It’s Time to Let Go of Lupus Self-Doubt
I think everyone experiences periods of time when they think, “What am I doing with my life?”
However with lupus, these thoughts are fueled by a disabling inability to do normal, expected activities, and maybe even to stay at your current job — one you worked very hard to get.
Let’s face it, what we achieve with our work, be it title, solid income, or both, can play an impactful role in how we view ourselves. It often affects how others see us as well.
It is a part of that often-elusive thing we all seek called self-esteem, which takes a serious beating when you have lupus. You feel like whatever you were meant to become…well, lupus has side-tracked you and your dreams.
But Lupus Self-Doubt Goes Deeper
All of this disruption to your life is undoubtedly increased by the guilt and the strain lupus puts on your relationships and the feeling that you are half the person you should be to your kids, your spouse, your friends and family. You feel stretched to breaking point, yet you know you are only performing at half-capacity.
Added to all of this, you probably find that your train of thought is often derailed by lupus brain fog and you find yourself stumbling to remember appointments, your PIN number and even how to spell certain words correctly — ones you know with certainty that you know how to spell.
Heck, sometimes I have trouble remembering which child’s name I need to use. Admittedly, I have four children, but the kids probably do not appreciate being called the wrong name — especially if it is also the wrong gender.
Then there is the cold weather and all the things I cannot do or avoid doing with my kids because it places me outside where lupus and Raynaud’s (and my thyroid disease) makes my body hurt like I am being burned alive by an icy-fire. (Those who do not have lupus do not understand my term “icy-fire,” while those with lupus know exactly what I am talking about.)
I feel I am failing a bit as a mom. My kids will probably not have a memory of me building a snowman with them this year. No, I do not want to build a snowman. Thanks a lot, Frozen, for making that a common phrase around my house.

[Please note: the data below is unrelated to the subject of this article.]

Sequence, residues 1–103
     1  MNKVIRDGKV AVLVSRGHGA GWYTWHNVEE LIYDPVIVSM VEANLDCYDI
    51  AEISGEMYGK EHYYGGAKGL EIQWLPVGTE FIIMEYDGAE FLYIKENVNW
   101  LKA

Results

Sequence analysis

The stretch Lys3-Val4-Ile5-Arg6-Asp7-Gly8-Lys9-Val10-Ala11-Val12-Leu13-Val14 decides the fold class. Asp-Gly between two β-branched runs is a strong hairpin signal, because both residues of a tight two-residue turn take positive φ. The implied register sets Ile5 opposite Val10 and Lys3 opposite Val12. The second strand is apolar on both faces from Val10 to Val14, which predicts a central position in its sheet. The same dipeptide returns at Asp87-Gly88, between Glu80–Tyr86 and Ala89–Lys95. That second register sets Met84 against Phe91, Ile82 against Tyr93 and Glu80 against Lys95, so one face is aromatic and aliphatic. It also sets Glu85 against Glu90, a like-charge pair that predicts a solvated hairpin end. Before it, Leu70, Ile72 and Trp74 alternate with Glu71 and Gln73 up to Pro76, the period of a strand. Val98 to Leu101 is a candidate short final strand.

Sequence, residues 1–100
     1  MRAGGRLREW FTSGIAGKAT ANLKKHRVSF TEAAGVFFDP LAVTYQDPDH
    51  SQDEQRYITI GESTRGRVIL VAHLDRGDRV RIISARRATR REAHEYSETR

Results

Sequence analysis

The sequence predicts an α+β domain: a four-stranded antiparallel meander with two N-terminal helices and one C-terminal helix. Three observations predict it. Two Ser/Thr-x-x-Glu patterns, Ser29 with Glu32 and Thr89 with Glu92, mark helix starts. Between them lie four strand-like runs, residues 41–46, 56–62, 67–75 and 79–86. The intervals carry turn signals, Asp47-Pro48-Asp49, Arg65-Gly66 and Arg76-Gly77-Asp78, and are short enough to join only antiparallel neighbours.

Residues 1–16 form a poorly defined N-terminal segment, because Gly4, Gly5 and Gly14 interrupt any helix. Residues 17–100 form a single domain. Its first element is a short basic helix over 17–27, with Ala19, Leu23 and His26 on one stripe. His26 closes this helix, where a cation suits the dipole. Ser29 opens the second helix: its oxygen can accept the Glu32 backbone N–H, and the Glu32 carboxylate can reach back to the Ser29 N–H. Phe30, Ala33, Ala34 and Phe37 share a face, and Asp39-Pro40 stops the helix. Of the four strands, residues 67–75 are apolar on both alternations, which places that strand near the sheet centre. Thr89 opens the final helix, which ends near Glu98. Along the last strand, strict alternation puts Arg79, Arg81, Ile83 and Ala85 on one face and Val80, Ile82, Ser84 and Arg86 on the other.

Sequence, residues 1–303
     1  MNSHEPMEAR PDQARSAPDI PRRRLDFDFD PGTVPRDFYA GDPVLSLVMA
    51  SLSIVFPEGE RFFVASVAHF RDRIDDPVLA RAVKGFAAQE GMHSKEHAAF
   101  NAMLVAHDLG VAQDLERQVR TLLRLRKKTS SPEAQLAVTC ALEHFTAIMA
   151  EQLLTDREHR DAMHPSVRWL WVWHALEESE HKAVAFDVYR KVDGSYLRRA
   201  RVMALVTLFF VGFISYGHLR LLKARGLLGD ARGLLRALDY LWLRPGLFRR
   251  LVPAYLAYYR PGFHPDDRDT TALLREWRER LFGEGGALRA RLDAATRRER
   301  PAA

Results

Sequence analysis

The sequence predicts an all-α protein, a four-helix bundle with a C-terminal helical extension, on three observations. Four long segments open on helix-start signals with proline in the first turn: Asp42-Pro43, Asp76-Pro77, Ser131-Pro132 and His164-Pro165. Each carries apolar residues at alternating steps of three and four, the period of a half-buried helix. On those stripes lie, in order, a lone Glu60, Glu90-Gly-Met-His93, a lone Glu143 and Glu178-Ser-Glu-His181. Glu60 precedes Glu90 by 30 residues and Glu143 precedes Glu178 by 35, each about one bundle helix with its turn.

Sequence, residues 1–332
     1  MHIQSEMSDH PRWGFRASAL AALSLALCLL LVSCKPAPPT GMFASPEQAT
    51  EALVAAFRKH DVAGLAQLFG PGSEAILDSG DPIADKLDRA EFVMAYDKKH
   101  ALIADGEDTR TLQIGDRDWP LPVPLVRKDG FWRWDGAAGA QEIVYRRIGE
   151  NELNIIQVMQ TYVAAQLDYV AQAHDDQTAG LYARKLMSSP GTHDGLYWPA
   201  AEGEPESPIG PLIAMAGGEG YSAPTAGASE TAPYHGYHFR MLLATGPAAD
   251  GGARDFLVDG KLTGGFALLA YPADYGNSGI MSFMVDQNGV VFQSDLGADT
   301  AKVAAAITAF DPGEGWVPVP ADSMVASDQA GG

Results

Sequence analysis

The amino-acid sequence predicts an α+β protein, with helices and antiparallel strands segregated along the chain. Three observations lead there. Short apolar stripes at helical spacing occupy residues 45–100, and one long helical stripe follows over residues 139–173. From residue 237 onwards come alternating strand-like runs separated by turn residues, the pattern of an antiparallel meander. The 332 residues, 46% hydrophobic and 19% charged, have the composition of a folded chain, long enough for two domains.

What Can We Do?
So what can us warriors do when it feels we are not who we are supposed to be; when we question what are we doing with our lives?
I believe there is action you can take each day to feel that you possess some control over who you are, who you become and the purpose your life has.
Reclaim Your Purpose
I think the root of all these feelings of being lost and overtaken by this disease is that we succumb to defeat on some level. Even if it is just a little. Yes, we are battling for our lives, but that little voice inside us asks sadly, “Where did the old me go?”
When you feel that, it triggers a level of defeat somewhere deep within you. I think we need to grieve for the loss of our old selves, then reclaim a new beginning of who we are now.
Focus on your strength, your courage, and the ways that you keep pushing on. Maybe your purpose is to serve as an example of strength to others.
Maybe it is so someone else dealing with chronic illness does not feel so alone. Maybe you are supposed to lead by example. How can we not be proud of that kind of legacy?
Maybe there is greater purpose to your life than the typical everyday achievements that you accomplished before lupus. Maybe those things don’t mean as much as we think they do.